an optical package being operatively installed on the printed circuit board, the package including a substrate having a top layer to enable coupling of one or more optoelectronic components onto a surface of the substrate, an intermediate layer coupled to the top layer and bottom layer, the bottom layer having one or more recessed portion to couple leads of a lead frame to enable communication with the printed circuit board.
12. The system of claim 11, wherein the optoelectronic components comprise one of a laser diode, a photodetector, and an electrical integrated circuit.
13. The system of claim 11, wherein the substrate is a multilayer cofired ceramic composed of one of alumina and aluminum nitride.
14. The system of claim 11, wherein the optoelectronic components comprised one of a semiconductor laser and a semiconductor detector.
15. The system of claim 11, wherein the substrate comprises:
a recessed bottom layer having one or more recessed portions to enable coupling of the leads of the lead unit, the intermediate layer coupled onto the bottom layer with a plurality of vias; and
a top layer coupled onto the intermediate layer with the plurality of vias to form the substrate.
16. The system of claim 15, wherein the recessed bottom layer of the substrate is comprised of a pair of opposed recessed portions and an adjacent portion to couple to leads of the lead unit, the recessed bottom layer having a metalized layer to contact a heat sink and an opposed layer to provide a radio frequency signal path from leads coupled to the adjacent recessed portion of the recessed bottom layer to an interior portion of the substrate.
Description
FIELD OF THE INVENTION

One or more embodiments of the present invention relate generally to optoelectronics. In particular, one embodiment of the present invention relates to an apparatus and method for a backsided and recessed optical package connection.

BACKGROUND OF THE INVENTION

Optoelectronics is a field of technology that combines the physics of light with the principles of electricity. Currently, various integrated circuits (IC) design techniques utilize the physics of electricity to provide a vast array of devices for implementing computer systems, wireless technology, imaging systems, media systems and the like. Unfortunately, IC design techniques are dangerously close to reaching a reliable, upper limit of bandwidth available for data transmission via metal wires. As a result, the field of optoelectronics is focused on bridging the gap between the knowledge base held by IC chip designers in order to utilize unlimited bandwidth provided by the physics of light.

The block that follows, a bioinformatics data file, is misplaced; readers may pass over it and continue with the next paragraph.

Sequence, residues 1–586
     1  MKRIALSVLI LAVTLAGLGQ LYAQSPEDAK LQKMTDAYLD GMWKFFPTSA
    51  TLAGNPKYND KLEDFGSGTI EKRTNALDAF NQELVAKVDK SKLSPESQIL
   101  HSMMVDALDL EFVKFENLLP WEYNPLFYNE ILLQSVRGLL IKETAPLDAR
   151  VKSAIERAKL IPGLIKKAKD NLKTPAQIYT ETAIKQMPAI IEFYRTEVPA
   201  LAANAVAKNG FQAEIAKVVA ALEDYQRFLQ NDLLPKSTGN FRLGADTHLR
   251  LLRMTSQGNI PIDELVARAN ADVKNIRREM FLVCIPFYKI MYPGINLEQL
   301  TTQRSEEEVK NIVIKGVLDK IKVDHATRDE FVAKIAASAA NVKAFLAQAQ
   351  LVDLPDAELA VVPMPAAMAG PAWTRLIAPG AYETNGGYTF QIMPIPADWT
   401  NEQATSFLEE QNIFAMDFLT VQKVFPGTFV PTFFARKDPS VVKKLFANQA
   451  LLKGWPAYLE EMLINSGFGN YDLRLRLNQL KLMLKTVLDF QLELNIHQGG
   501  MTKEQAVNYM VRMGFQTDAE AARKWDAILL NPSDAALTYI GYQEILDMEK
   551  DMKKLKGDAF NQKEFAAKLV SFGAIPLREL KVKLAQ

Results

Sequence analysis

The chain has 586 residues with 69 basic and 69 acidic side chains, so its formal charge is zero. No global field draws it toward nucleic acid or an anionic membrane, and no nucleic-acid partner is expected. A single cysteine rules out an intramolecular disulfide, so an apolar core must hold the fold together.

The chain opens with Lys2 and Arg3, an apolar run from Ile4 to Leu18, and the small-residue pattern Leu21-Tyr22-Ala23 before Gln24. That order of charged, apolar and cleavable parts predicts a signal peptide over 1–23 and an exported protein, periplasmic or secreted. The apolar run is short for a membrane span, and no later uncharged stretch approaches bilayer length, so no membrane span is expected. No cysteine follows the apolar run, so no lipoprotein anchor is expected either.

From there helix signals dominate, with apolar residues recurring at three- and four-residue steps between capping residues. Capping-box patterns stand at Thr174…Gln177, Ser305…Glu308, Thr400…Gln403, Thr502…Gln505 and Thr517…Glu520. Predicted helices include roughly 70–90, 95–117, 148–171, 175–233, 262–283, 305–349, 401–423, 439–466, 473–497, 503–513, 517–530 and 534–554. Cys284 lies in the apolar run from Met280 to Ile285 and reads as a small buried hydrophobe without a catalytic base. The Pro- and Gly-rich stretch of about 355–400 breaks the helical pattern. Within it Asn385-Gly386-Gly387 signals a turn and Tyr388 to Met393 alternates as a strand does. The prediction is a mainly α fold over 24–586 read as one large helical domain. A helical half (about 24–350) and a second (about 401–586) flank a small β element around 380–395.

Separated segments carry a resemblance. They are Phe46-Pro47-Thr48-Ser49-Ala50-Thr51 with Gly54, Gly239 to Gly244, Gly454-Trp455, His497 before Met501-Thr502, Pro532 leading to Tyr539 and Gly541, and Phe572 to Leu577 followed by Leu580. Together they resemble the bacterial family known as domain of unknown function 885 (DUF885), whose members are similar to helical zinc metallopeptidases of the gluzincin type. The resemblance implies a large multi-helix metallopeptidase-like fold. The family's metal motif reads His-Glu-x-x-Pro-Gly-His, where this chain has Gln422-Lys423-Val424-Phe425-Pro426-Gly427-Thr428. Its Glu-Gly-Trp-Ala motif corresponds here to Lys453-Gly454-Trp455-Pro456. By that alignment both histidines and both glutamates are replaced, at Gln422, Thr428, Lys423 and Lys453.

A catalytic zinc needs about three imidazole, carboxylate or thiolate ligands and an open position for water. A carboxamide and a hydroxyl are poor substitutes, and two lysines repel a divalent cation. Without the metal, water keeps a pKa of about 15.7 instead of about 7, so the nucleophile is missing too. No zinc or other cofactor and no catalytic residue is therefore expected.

Optoelectronic technologies include, for example, fiber optic communications, laser systems, electronic eyes/machine vision, remote sensing systems, medical diagnostic systems and optical information systems. In fact, the field of fiber optics is of particular interest in view of the dynamic growth of the Worldwide Web (Internet). The promise provided by the Internet of one day connecting each individual throughout the world via computer screens and mouse clicks becomes a reality when viewed through the eyes of the optoelectronic engineer. Specifically, fiber optics provides the capability of vastly increasing the bandwidth available from the Internet in order to make communication, as well as a worldwide marketplace, a reality for tomorrow's consumers.

As known to those skilled in the art, fiber optics utilizes glass (or plastic) threads (fibers) to transmit data. The fiber optic cable consists of a bundle of glass threads, each of which is capable of transmitting messages modulated onto light waves. As a result, fiber optics includes several advantages over traditional communications techniques. Specifically, fiber optic cables provide substantially greater bandwidth than conventional metal wires. In addition, fiber optic cables are less susceptible to interference and are much thinner and lighter than coax cables or metal wires utilized by current communications technologies.

Consequently, in order to utilize the expansive bandwidth provided by fiber optics, it is necessary to utilize devices which can perform optical to electric, as well as electric to optical transduction. This conversion is necessary in order to interface with existing electrical systems, which utilize IC chips for processing received data. Although integrated devices one day will be able to process directly optical signals, fiber optics is dependent on efficient devices for performing optical to electrical, as well as electrical to optical transduction in order to interface with legacy electronic system.

Accordingly, optoelectronics is focused on the study, design and manufacture of hardware devices that convert electrical signals into photon signals, as well as converting photon signals into electrical signals. Although various devices exist for performing optical transduction, the current technology standard is the butterfly/can package. These cans may have a coaxial radio frequency interface or ceramic leaded interface. An additional package is the dual in-line (MINI-DIL) package, which is a ceramic can with ceramic walls and vertical leads.